The base station passes call processing to the PCF (line 11), and the PCF requests 1x connection and Authentication through the PDSN. In response, the PDSN begins secure connection to mobile station (line 12); and the PDSN requests data authentication from the AAA (line 13). The AAA sends a Data Authentication response to the PDSN (line 14). The PDSN completes secure connection to mobile station (line 15). The mobile station responds to the Wap_Push with a HTTP_Get request containing the User_Agent, Profile, MDN, and Firmware_Version through the 1x packet session to the DSDC (line 16).

In response (at line 17), the DSDC sends an IP Validation request to the Single Session Database in the AAA server. The Single Session Database sends an IP Validation response to DSDC indicating that the user is registered (line 18). Next, the DSDC determines the appropriate software package, based on the firmware version in the mobile device. The software package is downloaded at line 19, over the established 1x connection, using an HTTP Get Response (containing the MIME Type and Software Package). When complete, the mobile station sends a download confirmation, over the 1x connection, to the DSDC (line 20).

After the mobile station completes the update or cancels at the user's request, the mobile station sends an SMS Status Notification (containing the Short Code address of the DSDC, Unique Message ID, MDN, and Status) to the DSDC (line 21). In response, the DSDC generates a report (scheduled or on-demand), which is sent to MTAS-OTA with updated MDN and Firmware_Rev (line 22).

As outlined above, the mobile station 19 is a programmable device and the DSUP procedure relates to downloading of new software into such a device. Aspects of the techniques treated in more detail later, relate to the interaction of certain client software components within the mobile station 19 during the DSUP downloading process. Although it is assumed that those skilled in the art are familiar with the structure and operation of mobile stations and with general types of software utilized in such stations, it may be helpful for some readers to briefly consider a summary discussion of the station and certain elements of its software.

FIG. 5 is a functional block diagram illustrating a digital telephone implementation of the mobile station 19. Although the station may be incorporated into a vehicle mounted mobile unit or into another device, such as a portable personal computer or PDA, for discussion it is assumed here that the station 19 takes the form of a portable handset.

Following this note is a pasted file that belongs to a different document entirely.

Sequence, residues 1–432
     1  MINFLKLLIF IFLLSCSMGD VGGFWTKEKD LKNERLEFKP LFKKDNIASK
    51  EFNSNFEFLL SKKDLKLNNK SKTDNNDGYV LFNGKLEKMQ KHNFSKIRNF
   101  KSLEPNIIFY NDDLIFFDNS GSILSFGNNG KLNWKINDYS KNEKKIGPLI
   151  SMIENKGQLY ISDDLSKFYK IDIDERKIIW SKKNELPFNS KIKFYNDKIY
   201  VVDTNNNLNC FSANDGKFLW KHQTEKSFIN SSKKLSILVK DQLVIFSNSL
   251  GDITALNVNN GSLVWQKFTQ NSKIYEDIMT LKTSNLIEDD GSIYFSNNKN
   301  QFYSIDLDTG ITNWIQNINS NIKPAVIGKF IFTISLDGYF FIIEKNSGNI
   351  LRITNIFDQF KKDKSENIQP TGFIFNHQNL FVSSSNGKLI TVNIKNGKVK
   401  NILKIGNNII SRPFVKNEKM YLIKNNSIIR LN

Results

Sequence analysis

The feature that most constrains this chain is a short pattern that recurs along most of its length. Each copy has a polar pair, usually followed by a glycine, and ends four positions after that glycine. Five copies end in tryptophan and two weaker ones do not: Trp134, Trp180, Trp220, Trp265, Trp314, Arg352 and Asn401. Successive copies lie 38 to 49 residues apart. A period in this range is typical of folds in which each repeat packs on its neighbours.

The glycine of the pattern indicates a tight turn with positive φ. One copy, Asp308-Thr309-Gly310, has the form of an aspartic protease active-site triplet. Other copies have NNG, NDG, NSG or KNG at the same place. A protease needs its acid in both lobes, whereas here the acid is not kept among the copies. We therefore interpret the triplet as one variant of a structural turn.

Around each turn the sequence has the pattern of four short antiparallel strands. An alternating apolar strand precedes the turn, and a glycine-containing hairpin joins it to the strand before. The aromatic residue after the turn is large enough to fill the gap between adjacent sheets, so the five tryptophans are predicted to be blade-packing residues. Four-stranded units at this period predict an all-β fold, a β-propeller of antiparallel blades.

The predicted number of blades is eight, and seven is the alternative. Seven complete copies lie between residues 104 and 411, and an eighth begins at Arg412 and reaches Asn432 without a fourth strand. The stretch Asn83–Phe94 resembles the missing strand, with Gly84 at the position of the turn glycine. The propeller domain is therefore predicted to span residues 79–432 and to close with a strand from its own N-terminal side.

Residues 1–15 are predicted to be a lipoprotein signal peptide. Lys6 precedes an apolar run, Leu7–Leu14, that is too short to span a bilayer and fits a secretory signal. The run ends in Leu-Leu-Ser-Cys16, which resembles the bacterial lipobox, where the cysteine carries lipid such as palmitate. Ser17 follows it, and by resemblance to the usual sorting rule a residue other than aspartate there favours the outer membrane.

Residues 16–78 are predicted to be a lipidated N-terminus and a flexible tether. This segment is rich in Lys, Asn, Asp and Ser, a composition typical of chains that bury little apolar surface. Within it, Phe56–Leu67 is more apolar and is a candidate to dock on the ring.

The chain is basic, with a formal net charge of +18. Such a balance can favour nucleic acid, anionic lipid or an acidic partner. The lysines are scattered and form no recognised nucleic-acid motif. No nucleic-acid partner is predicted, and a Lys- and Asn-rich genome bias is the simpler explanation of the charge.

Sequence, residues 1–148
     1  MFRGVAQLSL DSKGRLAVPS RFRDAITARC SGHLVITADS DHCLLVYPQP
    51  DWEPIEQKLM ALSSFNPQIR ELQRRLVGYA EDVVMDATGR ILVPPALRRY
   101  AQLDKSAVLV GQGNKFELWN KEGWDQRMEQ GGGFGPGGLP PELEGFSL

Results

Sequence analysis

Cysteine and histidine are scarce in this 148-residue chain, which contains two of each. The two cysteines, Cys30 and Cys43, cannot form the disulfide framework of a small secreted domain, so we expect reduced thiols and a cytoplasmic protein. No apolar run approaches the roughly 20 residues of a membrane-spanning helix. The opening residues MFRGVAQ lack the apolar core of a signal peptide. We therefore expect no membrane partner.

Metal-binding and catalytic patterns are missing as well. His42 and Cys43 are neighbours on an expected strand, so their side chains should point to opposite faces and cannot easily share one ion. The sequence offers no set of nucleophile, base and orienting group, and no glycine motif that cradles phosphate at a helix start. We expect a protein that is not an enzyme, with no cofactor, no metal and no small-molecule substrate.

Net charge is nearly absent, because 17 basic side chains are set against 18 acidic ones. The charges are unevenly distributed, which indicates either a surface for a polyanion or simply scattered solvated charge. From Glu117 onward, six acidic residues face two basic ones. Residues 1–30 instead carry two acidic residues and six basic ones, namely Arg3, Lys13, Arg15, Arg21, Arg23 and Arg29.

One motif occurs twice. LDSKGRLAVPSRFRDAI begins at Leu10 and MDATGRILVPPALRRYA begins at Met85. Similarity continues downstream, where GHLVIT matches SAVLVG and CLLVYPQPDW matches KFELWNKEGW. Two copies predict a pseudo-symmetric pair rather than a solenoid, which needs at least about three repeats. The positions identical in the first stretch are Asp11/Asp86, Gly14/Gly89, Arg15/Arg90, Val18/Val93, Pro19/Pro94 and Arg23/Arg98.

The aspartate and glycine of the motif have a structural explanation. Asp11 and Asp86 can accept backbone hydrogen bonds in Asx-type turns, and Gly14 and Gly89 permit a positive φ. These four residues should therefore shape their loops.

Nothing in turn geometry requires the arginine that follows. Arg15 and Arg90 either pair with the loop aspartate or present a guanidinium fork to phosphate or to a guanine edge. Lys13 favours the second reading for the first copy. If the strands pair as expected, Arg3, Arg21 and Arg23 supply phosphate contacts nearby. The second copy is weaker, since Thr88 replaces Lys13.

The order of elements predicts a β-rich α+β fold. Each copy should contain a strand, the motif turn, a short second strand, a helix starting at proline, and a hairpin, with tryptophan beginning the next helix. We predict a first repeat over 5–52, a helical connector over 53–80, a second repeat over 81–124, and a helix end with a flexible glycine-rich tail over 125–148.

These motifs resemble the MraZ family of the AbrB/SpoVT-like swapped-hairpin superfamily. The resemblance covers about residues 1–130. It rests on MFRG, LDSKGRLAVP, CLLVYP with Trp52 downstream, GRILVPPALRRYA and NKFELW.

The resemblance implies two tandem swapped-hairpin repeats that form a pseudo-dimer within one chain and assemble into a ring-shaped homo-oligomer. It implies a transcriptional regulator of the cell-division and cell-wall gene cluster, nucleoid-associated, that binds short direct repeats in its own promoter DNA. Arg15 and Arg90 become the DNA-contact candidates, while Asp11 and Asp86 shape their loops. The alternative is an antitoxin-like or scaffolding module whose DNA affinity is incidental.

The handset embodiment of the mobile station 19 functions as a normal digital wireless telephone station. For that function, the station 19 includes a microphone 41 for audio signal input and a speaker 43 for audio signal output. The microphone 41 and speaker 43 connect to voice coding and decoding circuitry (vocoder) 45. For a voice telephone call, for example, the vocoder 45 provides two-way conversion between analog audio signals representing speech or other audio and digital samples at a compressed bit rate compatible with the digital protocol of the wireless telephone network communications.

For digital wireless communications, the handset 19 also includes a digital transceiver (XCVR) 57. The concepts discussed here encompass embodiments of the station 19 utilizing any digital transceivers that conform to current or future developed digital wireless communication standards. For example, the transceiver 57 could be an EVDO, TDMA or GSM unit designed for cellular or PCS operation. In the present embodiments, the digital transceiver 57 is a CDMA transceiver compatible with operation via a 1x network, to provide both voice and data communications.

The transceiver 57 provides two-way wireless communication of information, such as vocoded speech samples and packetized digital message information. The transceiver also sends and receives a variety of signaling messages in support of the various services provided via the station 19 and the network 3. The transceiver 57 connects through RF send and receive amplifiers (not separately shown) to an antenna 58. The station 19 may include one or more additional transceivers, as shown in dotted line form, for operation in an analog mode or in accord with an alternative digital standard.

As shown, the digital telephone handset 19 includes a display 49 for displaying messages, a menu generated by a client browser program or the like, call related information such as dialed and calling party numbers, etc. A keypad 47 enables dialing digits for voice and/or data calls and generating selection inputs keyed by the user based on the displayed menu.